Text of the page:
ProsGreat people, great co-workers, open access to the CEO, above-average salary
ConsOne contract manager is a total jerk but the others are great
I do not recommend this organization to anyone other than ex-military or ex-police force, you will be over looked for advancement every time. Rule of thumb to remember is that general rules do no apply to management and as far as your opinion goes, if they wanted it they would tell you what it is.
Typical shift runs 12 hours that alternate between mornings and graveyard every two or so days. Your days off are often not your own and you will be constantly harassed to pick up the slack for incompetent management who won't bother to schedule despite it being their job to do so. Should you decide on assisting them on your time off pay close attention to your pay, it's not uncommon to get short changed what you're owed. As far as the job itself is concerned if there's any dispute any whatsoever, even if you were right in doing your job, being verbally or physically abused by the public or the contract holder don't expect management to have your back or won't stand up for you. In fact they generally have no qualms about throwing you under the bus to save themselves or the contract. The only time you will ever see anything swing your way is if management see a possible lawsuit in your favor and will do anything to placate the situation to avoid it; these matters are usually handled by the B.O.M. and not regular management.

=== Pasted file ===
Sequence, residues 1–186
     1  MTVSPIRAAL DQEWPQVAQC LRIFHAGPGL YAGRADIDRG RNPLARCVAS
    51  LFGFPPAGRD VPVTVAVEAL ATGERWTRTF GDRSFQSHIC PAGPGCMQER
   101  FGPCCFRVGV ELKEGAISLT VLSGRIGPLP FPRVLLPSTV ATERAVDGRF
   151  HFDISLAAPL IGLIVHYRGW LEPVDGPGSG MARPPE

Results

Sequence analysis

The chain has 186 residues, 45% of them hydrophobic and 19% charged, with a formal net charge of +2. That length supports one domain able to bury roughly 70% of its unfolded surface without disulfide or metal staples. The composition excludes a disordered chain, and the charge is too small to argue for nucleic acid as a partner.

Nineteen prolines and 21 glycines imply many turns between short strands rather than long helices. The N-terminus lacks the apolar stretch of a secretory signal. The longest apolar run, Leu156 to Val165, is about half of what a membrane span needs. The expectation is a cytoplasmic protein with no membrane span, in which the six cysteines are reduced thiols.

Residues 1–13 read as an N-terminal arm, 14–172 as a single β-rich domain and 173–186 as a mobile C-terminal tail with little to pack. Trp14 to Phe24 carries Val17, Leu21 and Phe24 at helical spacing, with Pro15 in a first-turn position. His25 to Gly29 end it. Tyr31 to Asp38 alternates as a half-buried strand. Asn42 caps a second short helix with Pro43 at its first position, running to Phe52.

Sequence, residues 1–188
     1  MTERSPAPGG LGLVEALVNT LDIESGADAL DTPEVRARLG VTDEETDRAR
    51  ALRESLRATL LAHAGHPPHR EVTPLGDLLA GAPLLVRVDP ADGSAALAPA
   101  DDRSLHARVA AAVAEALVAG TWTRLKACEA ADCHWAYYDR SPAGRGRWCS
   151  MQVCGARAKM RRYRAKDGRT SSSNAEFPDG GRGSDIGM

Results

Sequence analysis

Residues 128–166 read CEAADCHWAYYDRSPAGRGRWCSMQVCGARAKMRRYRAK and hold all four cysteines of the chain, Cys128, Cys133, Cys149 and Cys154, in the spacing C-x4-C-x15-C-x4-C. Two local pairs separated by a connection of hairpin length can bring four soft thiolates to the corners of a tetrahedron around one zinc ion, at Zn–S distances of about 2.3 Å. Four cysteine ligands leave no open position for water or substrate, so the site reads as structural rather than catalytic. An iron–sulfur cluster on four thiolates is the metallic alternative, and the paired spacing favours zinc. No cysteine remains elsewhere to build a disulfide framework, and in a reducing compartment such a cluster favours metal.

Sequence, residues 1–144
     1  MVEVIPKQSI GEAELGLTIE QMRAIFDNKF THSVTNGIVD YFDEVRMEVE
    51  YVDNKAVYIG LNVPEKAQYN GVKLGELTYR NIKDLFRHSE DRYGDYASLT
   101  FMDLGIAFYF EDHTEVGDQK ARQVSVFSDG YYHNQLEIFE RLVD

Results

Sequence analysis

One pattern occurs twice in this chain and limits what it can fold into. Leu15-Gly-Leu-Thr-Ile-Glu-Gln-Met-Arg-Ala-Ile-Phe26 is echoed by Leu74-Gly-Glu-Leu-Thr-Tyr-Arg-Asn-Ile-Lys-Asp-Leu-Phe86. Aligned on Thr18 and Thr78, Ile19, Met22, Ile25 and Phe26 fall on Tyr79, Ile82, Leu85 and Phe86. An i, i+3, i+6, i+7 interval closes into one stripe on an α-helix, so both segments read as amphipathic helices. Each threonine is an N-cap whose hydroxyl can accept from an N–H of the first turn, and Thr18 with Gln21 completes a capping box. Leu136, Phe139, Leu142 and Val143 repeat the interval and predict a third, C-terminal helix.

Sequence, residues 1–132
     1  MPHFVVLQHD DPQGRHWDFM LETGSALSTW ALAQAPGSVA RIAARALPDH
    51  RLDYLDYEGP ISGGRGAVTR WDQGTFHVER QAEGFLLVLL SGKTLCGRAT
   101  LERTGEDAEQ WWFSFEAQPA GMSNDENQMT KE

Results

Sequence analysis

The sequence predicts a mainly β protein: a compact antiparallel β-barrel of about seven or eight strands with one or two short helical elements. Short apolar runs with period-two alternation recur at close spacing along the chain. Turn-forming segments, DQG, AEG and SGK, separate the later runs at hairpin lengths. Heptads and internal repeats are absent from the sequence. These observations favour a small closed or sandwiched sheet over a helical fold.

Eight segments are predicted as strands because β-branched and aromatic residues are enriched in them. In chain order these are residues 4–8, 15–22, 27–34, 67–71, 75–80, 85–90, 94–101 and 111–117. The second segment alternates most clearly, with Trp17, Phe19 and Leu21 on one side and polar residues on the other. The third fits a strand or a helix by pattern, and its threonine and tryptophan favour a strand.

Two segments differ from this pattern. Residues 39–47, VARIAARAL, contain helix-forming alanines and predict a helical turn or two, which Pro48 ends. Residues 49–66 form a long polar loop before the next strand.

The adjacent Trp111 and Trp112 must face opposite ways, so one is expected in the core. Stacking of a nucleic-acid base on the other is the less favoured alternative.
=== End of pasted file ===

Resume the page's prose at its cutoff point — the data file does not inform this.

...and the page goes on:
The organization is filled with liars and backstabbers. Management will lie to keep you in a position, they will lie to get you out of your position. A lot
Unless you are someone who is retired and looking for some work to do on your off time or a student who can handle the rotations and constantly changing work place I would suggest you stay away from this company.
Advancement isn't based on your effort but rather if people "like" you enough.
Never go against what any of your higher ranked officers say whether you know it's wrong or not, it's not worth the trouble and backlash against your profile.
Don't complain about breaks, this is "supposed" to be a military run environment (aka: no breaks) despite it being run much worse then actual military.
Typical day: Having a post included sitting there for hours on end waiting for something to happen while being hit on by creepy people within post and holding my tongue. Not having a post included sitting at home wondering why they only ever call you to go in when it's an hour before the time you have to go in and constantly having this feeling of guilt tripping when you know there's thousands of guards available. (Highest turnover rate within a security company should tell you something about it wouldn't you think?)
What I learned: If you're not french you will never get anywhere. If you're an older guard you can do whatever you want, if you're a younger guard you at most can maybe breathe and possibly, talk at the same time.
Management: Highest turn over rate? Ah yes that isn't just for guards but management as well. Strange huh........almost like.....the company do
I would tell anyone with a security license to apply, hands down !